Present mirth hath present laughter
What’s to come is still unsure
In delay there lies no plenty
WHAT is it about the febrile post-referendum atmosphere that makes us find pertinent references everywhere we turn? Bristol Old Vic’s powerful King Lear resonates with them, and even Noel Coward’s gloriously frothy comedy of luvvies and their hangers-on strikes an oddly topical chord with its title derived from the fool’s song in Twelfth Night.
This was always going to be a treat, with the suave Sam West as Coward’s alter ego Garry Essendine, and Phyllis Logan dropping the Scottish accent of Mrs Hughes but retaining the warmth behind the sharp wit to play his loyal secretary Monica Reed.
This production, directed by Stephen Unwin and designed by Simon Higlett, provides everything that the audience could ask for – first-class cast, speaking the sparkling, brittle dialogue with panache, gorgeous set with chandeliers, paintings and grand piano, and fabulous costumes, including Garry’s many silk dressing gowns. Every woman in the theatre must have envied Zoe Boyle, as Joanna Lyppiatt, her Act II seduction gown (and the figure to carry it off).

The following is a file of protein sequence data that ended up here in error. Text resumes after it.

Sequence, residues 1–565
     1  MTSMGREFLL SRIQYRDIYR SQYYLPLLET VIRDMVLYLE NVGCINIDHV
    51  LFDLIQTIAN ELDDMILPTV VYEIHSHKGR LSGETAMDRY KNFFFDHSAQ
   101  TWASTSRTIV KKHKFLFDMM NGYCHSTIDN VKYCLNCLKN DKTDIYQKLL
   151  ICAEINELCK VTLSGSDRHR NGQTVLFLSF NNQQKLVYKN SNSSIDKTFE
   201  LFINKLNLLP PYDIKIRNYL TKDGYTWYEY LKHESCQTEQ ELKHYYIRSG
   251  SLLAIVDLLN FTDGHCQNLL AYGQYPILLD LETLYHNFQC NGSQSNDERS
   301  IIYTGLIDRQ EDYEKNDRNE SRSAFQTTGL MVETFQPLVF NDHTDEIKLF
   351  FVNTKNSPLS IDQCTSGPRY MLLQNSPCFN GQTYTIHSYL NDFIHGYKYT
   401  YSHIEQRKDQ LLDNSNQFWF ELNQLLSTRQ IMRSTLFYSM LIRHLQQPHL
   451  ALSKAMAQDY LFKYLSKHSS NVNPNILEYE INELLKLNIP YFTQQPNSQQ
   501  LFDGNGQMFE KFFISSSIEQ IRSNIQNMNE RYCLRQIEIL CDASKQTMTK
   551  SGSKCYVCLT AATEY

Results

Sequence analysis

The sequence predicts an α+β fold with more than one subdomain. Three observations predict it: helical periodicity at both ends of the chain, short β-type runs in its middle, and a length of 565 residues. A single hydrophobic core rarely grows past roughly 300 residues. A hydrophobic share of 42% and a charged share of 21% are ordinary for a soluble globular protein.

It is a puzzle why this play is performed less frequently than Private Lives, Blithe Spirit and Hay Fever. It is just as funny and every part provides an opportunity to shine.
As ditzy debutante Daphne Stillington, Daisy Boulton looked divine and fainted exquisitely. Patrick Walshe McBride was the eccentric and obsessive Roland Maule, all waving arms and implausibly long legs, like an over-excited daddy long legs.
Toby Longworth was a proper old steam engine of pomposity as Henry Lyppiatt and Jason Morell nearly exploded with overheated passion and jealousy as his business partner Morris Dixon.
Rebecca Johnson was Liz, Garry’s estranged but not divorced wife, somehow salvaging the finances of “the firm” and the star’s coming African tour from the tangled mess of fans, lovers and hopeless romantics that surround him.
And there were sharply observed comic cameos in the smaller parts of the eccentric spiritualist housekeeper Miss Erikson (Sally Tatum) and racy Fred the valet (Martin Hancock).
But the evening belongs, quite properly, to Sam West, who draws on a vast repertoire of theatrical skills to convey the charm, glamour, injured dignity, wisdom, sheer childishness and professionalism that has kept Garry a star for 20 years and his business partners in clover.
Present Laughter runs at Bath Theatre Royal until 9th July and is followed by the second play in the summer season, Terence Rattigan’s While The Sun Shines.
Photographs by Nobby Clarke